We have some real ideological differences, but Andy Kessler, who wrote this op-ed in today's Journal, makes some good points about why the stock-market rally may be mostly smoke and mirrors. Most interesting is this semi-conspiratorial idea about how the rally looks like it was conceived to help re-capitalize banks:
On March 18, the Federal Reserve announced it would purchase up to $300 billion of long-term bonds as well as $750 billion of mortgage-backed securities. Of all the Fed's moves, this "quantitative easing" gets money into the economy the fastest -- basically by cranking the handle of the printing press and flooding the market with dollars (in reality, with additional bank credit). Since these dollars are not going into home building, coal-fired electric plants or auto factories, they end up in the stock market.
A rising market means that banks are able to raise much-needed equity from private money funds instead of from the feds. And last Thursday, accompanying this flood of new money, came the reassuring results of the bank stress tests.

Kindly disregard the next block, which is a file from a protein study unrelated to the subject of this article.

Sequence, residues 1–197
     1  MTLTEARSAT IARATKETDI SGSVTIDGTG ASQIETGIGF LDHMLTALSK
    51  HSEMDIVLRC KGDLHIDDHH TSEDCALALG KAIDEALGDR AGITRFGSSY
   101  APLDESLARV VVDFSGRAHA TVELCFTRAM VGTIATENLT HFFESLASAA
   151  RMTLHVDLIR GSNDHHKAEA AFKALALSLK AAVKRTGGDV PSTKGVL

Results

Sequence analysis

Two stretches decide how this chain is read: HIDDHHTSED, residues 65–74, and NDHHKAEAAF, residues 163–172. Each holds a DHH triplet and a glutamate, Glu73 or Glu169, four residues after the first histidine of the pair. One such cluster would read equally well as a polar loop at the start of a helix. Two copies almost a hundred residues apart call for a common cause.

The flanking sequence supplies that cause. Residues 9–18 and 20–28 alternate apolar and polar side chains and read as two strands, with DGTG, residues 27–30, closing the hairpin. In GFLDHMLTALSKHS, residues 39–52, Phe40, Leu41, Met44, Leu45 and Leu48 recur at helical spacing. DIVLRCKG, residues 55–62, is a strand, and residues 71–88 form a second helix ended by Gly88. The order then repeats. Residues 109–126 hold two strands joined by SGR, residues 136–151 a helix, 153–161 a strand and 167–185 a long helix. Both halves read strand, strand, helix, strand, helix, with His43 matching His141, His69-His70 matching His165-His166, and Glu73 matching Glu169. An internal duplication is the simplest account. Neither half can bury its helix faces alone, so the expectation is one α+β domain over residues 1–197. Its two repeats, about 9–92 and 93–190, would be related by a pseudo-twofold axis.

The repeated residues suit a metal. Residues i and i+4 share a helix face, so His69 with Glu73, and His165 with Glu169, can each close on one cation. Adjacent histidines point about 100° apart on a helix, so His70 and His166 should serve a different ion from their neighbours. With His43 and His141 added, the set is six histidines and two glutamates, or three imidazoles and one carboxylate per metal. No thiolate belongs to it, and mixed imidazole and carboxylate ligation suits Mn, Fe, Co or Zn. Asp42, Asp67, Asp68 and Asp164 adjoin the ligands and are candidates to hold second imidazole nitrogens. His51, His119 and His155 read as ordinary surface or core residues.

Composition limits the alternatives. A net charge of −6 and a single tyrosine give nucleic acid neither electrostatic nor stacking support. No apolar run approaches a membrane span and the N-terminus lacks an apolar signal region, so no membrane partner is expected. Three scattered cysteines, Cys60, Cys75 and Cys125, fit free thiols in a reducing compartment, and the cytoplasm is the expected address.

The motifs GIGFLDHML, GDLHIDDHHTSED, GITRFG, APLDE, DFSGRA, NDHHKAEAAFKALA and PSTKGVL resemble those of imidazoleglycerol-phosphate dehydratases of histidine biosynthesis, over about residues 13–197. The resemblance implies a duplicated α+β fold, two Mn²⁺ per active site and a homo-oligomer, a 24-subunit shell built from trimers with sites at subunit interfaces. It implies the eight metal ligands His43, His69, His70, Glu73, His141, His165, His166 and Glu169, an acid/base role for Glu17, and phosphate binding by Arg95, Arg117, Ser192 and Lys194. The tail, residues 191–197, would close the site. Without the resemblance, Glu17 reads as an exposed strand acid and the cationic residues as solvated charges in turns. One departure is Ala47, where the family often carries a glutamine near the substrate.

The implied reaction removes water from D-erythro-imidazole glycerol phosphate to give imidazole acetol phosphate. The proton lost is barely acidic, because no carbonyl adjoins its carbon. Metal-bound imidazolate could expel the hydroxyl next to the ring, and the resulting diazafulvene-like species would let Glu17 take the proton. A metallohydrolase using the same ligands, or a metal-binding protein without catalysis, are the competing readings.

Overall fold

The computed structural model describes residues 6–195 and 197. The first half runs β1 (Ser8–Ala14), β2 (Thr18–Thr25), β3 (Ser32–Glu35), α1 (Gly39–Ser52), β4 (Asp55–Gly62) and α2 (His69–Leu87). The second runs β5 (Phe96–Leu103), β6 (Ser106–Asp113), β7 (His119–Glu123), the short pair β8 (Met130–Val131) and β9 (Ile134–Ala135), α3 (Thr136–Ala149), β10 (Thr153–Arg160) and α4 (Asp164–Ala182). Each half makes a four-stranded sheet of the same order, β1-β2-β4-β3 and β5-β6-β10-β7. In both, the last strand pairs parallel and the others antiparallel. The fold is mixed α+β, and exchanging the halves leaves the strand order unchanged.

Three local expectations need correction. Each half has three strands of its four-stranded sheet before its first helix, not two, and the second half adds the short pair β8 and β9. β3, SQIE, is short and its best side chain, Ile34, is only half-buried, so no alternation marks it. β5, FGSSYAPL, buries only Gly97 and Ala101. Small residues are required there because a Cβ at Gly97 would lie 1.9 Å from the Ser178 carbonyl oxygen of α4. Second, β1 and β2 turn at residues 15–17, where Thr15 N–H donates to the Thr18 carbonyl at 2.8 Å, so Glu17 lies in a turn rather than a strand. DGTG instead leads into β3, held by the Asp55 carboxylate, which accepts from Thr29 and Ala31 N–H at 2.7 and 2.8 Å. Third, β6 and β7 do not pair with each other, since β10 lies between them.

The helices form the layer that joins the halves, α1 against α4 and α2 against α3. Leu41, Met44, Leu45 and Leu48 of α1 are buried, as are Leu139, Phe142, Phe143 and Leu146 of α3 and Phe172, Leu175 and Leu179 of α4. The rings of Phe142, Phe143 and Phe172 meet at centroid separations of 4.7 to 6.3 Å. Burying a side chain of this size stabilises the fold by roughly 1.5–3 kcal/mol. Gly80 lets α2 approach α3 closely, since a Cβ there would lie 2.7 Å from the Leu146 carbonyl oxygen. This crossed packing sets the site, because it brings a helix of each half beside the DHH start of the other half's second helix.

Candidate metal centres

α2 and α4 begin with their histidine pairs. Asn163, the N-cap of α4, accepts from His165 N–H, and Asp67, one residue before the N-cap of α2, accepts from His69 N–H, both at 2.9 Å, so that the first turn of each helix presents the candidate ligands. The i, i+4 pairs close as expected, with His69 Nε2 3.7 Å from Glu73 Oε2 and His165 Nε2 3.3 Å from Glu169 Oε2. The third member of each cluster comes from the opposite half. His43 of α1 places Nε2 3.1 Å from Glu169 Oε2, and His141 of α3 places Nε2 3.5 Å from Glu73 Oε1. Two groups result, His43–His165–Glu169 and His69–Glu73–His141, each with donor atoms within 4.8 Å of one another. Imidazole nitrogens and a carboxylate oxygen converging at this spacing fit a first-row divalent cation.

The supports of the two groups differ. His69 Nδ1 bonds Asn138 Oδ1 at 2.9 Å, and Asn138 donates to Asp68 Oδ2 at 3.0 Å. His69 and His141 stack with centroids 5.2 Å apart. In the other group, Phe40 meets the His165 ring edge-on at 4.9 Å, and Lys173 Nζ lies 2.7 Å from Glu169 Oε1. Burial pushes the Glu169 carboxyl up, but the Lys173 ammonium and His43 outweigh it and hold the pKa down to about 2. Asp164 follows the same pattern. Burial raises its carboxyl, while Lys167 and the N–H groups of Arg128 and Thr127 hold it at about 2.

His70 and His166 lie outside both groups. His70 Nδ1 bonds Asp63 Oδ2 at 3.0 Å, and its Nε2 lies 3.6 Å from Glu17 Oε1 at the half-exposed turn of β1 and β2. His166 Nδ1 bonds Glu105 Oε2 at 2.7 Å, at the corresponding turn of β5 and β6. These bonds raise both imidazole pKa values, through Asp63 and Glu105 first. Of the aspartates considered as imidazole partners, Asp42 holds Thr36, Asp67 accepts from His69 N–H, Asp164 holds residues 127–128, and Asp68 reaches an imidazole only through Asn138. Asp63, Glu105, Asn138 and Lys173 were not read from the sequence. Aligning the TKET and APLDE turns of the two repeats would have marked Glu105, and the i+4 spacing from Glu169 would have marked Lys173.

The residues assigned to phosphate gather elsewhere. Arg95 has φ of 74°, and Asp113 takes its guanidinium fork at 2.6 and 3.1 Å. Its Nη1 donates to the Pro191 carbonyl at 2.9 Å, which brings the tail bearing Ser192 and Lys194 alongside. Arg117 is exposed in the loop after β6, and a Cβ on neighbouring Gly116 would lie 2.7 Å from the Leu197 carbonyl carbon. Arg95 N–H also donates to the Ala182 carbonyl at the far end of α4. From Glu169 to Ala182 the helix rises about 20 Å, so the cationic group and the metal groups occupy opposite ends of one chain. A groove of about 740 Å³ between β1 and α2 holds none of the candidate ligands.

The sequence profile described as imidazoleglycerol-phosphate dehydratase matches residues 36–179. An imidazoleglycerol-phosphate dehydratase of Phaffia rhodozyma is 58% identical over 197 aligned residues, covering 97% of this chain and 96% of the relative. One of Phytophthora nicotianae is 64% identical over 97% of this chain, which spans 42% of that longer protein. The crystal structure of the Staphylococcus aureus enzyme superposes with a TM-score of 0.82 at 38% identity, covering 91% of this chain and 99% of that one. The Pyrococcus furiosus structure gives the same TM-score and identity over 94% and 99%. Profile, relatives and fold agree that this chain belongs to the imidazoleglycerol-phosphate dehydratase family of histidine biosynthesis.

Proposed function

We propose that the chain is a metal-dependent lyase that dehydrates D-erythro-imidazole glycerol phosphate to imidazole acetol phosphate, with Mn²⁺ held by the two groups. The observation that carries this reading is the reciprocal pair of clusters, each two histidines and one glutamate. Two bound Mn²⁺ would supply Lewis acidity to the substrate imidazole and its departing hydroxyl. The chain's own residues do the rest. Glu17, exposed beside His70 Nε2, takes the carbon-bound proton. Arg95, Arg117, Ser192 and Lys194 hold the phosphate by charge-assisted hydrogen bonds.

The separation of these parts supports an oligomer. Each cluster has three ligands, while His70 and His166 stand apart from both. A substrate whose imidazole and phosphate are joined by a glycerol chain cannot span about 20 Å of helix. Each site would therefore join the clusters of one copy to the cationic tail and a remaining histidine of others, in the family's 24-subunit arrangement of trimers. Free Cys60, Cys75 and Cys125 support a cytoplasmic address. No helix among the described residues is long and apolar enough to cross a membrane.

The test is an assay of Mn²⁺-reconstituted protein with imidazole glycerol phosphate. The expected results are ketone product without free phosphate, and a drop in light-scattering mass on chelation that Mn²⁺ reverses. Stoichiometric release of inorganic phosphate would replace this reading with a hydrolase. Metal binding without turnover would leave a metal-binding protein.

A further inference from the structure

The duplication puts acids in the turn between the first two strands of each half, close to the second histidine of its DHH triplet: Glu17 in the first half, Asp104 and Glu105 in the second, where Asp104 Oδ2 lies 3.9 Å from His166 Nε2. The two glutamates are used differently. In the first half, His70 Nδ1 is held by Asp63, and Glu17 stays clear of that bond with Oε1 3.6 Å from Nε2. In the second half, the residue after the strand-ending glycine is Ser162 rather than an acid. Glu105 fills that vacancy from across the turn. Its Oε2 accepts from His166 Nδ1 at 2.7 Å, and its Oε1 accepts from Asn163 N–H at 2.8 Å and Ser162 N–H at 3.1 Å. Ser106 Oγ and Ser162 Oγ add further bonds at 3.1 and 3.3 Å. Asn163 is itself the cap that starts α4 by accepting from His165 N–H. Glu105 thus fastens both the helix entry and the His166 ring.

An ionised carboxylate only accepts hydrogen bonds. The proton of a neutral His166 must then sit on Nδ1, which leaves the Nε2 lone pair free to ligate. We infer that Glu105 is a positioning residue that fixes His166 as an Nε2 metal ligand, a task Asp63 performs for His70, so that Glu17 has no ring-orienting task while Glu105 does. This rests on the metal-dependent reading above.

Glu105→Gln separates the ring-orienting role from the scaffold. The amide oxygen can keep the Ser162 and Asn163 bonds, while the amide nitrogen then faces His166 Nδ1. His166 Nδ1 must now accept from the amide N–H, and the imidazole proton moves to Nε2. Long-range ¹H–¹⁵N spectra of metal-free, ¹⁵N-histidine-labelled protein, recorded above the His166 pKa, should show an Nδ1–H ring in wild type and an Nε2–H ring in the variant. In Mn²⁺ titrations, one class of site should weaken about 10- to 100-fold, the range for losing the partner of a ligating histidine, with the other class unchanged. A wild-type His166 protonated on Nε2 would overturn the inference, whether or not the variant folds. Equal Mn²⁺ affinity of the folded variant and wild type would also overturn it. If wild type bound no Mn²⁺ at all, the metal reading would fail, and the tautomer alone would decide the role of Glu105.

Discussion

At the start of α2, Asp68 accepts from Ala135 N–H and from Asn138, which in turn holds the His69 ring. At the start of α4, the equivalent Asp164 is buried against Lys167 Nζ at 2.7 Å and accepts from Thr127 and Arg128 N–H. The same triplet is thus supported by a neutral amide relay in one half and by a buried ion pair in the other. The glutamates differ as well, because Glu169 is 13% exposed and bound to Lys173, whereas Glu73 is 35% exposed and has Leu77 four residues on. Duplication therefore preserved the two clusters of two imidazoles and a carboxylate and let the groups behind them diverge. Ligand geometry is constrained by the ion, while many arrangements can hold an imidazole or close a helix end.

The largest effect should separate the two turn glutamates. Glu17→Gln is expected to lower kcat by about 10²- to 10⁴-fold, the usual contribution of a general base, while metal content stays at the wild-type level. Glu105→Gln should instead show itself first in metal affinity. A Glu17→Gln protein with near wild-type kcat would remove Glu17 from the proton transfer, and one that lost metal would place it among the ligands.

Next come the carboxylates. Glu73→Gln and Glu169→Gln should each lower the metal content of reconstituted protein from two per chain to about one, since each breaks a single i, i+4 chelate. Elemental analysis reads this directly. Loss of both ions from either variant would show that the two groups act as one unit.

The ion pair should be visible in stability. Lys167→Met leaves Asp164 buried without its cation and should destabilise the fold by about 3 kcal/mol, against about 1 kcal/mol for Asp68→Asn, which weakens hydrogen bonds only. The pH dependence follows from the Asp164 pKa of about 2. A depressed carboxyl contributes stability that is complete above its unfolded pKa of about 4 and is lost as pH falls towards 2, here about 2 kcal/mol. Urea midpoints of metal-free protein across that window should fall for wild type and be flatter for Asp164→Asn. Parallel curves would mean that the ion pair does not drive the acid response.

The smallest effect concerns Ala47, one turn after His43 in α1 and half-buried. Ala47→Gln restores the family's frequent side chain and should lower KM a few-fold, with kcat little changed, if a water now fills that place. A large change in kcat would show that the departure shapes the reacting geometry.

The next day Morgan Stanley raised $4 billion by selling stock at $24 in an oversubscribed deal. Wells Fargo also raised $8.6 billion that day by selling stock at $22 a share, up from $8 two months ago. And Bank of America registered 1.25 billion shares to sell this week. Citi is next. It's almost as if someone engineered a stock-market rally to entice private investors to fund the banks rather than taxpayers.
It's a stretch to think Bernanke boosted the stock market to help banks raise capital--hard to believe he could have counted on that happening even if that was the hope, and even Kessler only says it half-seriously. But it's reasonable to argue that that's been one of the effects of the Fed's aggressive anti-deflationary policies.